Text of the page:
Ant Group reforms, Tokojek emerges and India's funding train rolls on

Asia Tech Review: 11 January 2021

Hello folks and Happy New Year,

We’re more than 10 days in 2020, but I think it’s still ok to wish people you like a Happy New Year, especially if you’re speaking to them for the first time on this side of New Year’s Eve. And, ATR did enjoy an extended break over the festive period.

Much happened in those weeks, including:

  • Ant Group is retying itself with new Chinese government-appropriate fastening after its massive IPO came undone at the last minute. 

  • In Southeast Asia, Grabjek has become Tokojek as two Indonesian unicorns seek to team up, and potentially usher in a period of consolidation (and public market exits) among the region’s big players.

  • In India, the funding train continues to run with Udaan and (reportedly) Sharechat among those to raise big money in recent weeks. And then there’s the tantalising prospect of the Apple Car being developed alongside Hyundai.

I could have written reams for the first ATR of the year, but I’ve stuck to the most important developments of recent weeks. I hope to be back to normal service next Monday. 

All the best,

Jon

PS: You should also check out The Ken, we’ve published some incredible work these recent weeks—too much for me to call out individually. That would be its own newsletter… we have one and you should sign up for it!

China

Ant Group’s record IPO fell apart, as is well documented, and now the tricky task of reform to appease the government is top of the list. Ant is now said to be restructuring its business using a holding company structure that it hopes will win the approval of Chinese authorities.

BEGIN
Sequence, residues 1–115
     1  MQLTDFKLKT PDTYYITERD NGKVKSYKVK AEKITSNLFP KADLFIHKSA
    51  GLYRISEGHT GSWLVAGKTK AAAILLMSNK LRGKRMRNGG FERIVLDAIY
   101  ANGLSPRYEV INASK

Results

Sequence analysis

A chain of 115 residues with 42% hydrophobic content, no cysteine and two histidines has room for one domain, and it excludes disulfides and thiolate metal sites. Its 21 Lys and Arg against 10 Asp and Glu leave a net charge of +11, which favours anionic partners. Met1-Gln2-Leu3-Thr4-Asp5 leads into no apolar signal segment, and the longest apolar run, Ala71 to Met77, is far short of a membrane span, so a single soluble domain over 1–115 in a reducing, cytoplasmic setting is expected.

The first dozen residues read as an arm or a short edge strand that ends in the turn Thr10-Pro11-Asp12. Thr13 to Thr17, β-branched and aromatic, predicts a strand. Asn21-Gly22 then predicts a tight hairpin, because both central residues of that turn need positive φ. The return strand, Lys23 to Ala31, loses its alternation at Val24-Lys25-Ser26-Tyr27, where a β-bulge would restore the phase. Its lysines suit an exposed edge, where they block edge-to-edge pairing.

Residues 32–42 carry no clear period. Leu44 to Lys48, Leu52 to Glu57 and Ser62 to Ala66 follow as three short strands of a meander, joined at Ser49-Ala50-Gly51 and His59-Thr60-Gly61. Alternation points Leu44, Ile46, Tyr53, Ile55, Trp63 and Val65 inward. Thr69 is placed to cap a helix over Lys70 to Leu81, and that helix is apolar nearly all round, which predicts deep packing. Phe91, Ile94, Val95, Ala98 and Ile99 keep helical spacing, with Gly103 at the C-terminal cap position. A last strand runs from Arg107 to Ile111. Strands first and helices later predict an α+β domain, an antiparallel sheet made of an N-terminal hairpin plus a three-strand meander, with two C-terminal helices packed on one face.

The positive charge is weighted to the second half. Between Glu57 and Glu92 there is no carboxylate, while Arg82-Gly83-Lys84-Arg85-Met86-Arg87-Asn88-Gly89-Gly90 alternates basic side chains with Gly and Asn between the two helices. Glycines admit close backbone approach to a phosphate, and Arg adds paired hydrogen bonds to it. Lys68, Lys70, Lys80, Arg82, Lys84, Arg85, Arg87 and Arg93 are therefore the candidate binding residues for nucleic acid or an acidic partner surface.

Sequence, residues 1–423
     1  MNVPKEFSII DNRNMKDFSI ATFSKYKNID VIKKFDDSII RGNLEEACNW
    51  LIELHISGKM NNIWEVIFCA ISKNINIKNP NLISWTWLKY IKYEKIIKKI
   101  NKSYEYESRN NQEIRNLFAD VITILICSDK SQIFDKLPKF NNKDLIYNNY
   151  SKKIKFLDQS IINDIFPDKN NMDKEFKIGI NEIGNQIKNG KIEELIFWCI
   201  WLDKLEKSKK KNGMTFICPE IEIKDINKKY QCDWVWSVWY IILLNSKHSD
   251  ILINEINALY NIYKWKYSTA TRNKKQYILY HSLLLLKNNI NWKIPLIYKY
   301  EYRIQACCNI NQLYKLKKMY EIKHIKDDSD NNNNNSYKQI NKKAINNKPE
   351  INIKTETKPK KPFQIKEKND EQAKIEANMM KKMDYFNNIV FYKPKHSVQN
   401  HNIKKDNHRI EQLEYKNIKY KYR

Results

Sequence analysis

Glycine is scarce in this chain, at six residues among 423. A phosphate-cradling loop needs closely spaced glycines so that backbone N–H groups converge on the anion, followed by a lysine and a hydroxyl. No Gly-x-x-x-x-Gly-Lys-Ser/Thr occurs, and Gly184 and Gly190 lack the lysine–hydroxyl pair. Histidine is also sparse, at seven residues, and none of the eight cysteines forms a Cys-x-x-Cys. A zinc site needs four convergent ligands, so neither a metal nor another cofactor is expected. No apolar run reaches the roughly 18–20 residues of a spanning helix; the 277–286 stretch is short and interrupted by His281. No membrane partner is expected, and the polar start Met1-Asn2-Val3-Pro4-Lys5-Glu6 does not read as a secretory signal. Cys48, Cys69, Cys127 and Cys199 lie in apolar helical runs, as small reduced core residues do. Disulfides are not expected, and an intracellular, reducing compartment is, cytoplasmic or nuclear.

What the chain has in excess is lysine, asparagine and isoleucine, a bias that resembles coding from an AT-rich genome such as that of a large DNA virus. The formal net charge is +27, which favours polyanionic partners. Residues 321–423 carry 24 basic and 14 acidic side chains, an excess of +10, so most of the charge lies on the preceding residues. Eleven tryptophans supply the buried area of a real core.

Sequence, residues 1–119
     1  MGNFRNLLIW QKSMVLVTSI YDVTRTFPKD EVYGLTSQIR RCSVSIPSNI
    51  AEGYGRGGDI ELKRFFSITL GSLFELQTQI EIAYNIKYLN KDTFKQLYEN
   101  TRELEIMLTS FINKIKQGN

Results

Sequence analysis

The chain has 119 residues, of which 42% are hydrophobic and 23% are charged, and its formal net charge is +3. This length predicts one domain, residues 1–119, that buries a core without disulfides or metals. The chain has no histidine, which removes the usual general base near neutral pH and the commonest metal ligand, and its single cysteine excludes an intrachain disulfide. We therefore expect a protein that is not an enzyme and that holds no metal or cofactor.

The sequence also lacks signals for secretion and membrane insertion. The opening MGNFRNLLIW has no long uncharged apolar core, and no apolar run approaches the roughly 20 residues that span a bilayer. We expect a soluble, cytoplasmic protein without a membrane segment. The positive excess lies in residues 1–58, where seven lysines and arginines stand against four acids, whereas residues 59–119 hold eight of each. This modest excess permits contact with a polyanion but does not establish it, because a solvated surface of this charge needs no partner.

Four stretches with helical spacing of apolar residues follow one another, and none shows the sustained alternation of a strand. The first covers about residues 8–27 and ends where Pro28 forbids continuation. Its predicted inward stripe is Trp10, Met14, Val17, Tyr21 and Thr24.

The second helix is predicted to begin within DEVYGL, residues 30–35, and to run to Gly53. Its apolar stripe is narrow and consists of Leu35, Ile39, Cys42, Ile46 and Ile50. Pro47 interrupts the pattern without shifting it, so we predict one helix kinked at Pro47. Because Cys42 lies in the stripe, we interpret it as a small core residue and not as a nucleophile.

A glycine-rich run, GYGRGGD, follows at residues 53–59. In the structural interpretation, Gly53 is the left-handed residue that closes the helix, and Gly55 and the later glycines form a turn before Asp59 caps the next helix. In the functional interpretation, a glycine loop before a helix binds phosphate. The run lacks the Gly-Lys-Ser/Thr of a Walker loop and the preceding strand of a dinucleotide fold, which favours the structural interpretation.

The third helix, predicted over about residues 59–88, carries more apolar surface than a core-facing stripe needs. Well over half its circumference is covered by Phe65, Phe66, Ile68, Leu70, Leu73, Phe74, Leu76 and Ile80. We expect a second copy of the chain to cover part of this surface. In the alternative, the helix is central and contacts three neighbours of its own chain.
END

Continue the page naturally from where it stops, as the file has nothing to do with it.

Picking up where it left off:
The Alibaba Group's loan intermediary business and sales of mutual funds and insurance would be become subsidiaries of the holding company, with Ant as the parent. The restructuring would also cover MYbank, an online lender to small and midsize companies, and likely Tianhong Asset Management, operator of the Yu'ebao money market fund.

Authorities have requested that "all businesses requiring a financial license go under the holding company," the source said. Whether this includes Alipay -- the mobile payments platform with more than 1 billion users -- remains up in the air.

Ant maintains the holding company structure "is not necessary under current regulations" but has said it would follow any such request from authorities.

There’s also pressure to share data, which is deemed to be an unfair advantage. And Jack Ma is laying off…

Alipay and WeChat are among the newest Chinese apps to be targeted by outgoing US President Donald Trump, who wants to ban them on American soil

That app ban may not happen, but the NYSE will delist China Mobile, China Telecom and China Unicom. There’s been plenty of confusion. After an initial announcement, the exchange u-turned but then it clarified that it will, indeed, drop the stocks. Messy.

SoftBank led a $360M round for Beijing Calories Technology, the company behind China’s most popular workout app Keep.